Introduction

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The Iowa Consortium for Substance Abuse Research and Evaluation conducted an evaluation of The Other Way (TOW) program located at Clarinda, Iowa from October, 1997 through March, 2001. The evaluation was funded through a series of two grants awarded by the National Institute of Justice (NIJ). The data presented in this report reflect two samples, one of 35 1 inmates and one of 3 1 inmates, that participated in the TOW program from October, 1997 through September, 2000. Research Questions The TOW project was undertaken to answer the following four research questions: 1. What services are provided to which types of inmates? Knowing what treatment is received and how it changes over time provides documentation for the TOW program, and how it is constantly modified. 2. Does the program accomplish its stated intermediate goals (i.e. influence attitude change) regarding substance abuse? Knowing how inmates change from the beginning of TOW treatment to the end allows treatment staff to identify areas of the curriculum that produce desired effects and areas in which the curriculum is lacking and needs modification.
3. Are there differences between clients that complete the cognitive unit program at TOW versus the two 12-step-based units? The initial design of the evaluation planned to use a comparison group of TOW inmates enrolled in a cognitive version of TOW. This comparison group was not available because the curriculum took longer to implement than originally planned, the curriculum changes were not as extensive as originally planned, and the program was discontinued shortly after implementation.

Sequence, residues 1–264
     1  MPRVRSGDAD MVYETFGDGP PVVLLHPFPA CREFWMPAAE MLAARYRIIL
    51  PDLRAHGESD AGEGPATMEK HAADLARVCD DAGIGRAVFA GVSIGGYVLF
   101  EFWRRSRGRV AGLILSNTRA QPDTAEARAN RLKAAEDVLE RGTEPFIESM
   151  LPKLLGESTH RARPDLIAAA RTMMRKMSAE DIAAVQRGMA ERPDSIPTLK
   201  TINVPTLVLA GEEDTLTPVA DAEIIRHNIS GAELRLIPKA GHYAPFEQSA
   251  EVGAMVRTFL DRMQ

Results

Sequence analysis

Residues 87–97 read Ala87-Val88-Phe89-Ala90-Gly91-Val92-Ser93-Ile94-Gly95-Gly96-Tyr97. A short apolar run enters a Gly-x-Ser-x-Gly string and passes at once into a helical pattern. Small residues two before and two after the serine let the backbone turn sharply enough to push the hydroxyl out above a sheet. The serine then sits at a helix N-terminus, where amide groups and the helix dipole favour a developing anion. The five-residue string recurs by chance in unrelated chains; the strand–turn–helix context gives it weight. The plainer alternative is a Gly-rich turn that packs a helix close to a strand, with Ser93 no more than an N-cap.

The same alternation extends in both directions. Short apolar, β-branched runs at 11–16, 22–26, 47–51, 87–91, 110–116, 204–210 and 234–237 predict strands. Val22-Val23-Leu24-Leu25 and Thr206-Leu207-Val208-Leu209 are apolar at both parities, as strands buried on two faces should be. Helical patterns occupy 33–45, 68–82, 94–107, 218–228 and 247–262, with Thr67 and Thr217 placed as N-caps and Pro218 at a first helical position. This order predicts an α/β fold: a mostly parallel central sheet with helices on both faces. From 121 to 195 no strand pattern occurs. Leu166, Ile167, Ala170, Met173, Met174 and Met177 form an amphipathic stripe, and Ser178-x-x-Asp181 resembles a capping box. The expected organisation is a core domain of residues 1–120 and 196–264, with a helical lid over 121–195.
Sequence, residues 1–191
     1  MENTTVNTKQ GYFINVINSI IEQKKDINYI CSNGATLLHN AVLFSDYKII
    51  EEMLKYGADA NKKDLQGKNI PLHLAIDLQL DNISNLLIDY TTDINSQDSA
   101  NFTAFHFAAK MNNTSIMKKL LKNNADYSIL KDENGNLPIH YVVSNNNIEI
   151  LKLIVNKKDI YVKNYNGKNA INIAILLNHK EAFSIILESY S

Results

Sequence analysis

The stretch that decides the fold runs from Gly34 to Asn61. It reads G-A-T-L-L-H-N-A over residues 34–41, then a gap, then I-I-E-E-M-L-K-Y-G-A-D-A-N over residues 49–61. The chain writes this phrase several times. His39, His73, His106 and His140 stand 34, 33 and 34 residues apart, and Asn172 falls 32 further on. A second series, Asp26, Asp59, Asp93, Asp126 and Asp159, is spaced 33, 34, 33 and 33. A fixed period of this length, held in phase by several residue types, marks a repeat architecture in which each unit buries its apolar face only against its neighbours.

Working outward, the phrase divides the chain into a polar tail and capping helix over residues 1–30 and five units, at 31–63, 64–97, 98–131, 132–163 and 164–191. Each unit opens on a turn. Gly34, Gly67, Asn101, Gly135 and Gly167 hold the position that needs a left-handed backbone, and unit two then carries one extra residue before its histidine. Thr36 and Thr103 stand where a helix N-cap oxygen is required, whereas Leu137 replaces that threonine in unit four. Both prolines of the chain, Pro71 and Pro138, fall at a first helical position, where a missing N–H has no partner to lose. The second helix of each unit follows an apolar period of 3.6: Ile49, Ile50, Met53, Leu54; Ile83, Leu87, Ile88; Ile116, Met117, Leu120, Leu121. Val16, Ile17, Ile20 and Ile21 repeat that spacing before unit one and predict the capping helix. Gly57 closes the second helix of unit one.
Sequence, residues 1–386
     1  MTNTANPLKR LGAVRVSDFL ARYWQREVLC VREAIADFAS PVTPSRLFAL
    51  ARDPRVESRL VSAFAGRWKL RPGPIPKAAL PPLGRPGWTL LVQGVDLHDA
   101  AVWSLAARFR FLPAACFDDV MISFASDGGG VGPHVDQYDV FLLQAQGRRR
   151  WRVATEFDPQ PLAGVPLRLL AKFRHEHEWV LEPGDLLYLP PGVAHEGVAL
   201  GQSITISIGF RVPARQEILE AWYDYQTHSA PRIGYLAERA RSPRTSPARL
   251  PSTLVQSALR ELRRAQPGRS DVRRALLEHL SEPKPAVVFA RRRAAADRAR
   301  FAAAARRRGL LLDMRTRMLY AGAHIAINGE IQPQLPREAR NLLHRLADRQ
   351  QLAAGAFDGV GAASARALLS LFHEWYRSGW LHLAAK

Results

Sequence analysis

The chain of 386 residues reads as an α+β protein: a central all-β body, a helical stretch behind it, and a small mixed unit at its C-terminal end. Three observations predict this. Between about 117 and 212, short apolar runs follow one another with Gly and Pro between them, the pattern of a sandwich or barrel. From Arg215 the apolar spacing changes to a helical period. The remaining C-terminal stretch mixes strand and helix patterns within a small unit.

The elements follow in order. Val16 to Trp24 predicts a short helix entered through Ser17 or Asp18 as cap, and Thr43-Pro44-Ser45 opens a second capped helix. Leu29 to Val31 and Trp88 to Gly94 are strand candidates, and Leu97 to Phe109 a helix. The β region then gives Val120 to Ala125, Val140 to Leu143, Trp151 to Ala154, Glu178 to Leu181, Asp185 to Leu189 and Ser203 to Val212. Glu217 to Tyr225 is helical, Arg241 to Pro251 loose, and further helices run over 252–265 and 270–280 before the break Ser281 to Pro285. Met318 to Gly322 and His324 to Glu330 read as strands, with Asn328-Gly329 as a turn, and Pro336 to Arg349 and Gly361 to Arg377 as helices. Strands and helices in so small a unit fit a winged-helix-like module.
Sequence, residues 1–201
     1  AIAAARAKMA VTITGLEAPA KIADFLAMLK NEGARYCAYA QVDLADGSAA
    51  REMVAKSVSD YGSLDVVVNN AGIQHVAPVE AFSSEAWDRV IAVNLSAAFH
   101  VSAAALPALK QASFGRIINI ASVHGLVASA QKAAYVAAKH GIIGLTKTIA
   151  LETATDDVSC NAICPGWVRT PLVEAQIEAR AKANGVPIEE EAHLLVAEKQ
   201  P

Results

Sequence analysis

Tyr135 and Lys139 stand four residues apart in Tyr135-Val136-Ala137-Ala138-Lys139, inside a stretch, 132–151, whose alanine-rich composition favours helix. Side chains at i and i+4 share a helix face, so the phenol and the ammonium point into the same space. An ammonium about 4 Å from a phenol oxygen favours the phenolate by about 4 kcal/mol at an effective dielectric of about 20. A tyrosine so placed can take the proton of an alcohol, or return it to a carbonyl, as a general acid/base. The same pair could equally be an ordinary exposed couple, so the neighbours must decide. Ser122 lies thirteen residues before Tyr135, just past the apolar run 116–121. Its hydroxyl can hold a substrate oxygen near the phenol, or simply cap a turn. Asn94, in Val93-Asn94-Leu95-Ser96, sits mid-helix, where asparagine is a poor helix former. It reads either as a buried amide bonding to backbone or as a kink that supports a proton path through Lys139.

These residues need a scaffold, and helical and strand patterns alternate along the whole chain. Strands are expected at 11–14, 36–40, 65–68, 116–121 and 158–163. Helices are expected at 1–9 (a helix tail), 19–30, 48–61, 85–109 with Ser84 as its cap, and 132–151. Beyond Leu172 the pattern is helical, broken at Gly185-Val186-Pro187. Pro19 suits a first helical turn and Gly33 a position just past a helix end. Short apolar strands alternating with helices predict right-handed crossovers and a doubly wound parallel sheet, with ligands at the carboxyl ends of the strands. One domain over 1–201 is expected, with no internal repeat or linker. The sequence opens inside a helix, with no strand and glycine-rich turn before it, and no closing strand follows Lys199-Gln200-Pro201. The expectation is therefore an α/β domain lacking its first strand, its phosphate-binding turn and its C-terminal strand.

4. Are certain types of clients better served by the TOW program than others? Knowing
who succeeds and who fails allows the judicial system to better match inmates with treatment resources. It also allows prison treatment staff to focus attention on those who may need it more. Literature Review Current research demonstrates the need and importance of intensive drug and alcohol treatment programs (such as the TOW program) for the Nation’s inmate population. According to the US. Department of Justice, correctional systems nationwide are experiencing ever-increasing numbers of drug offenders. The Iowa Department of Corrections has seen the prison population grow by nearly 400% in the past 10 years to a total exceeding 8,000. Much of the increase is due to legislative decisions in the early 1990s creating harsher penalties for drug offenses, and longer sentences for a variety of criminal offenders.

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Substance use disorders are endemic among offenders. In the NIMH-directed Epidemiologic Catchment Area (ECA) survey, 72% of institutionalized persons surveyed had a lifetime

1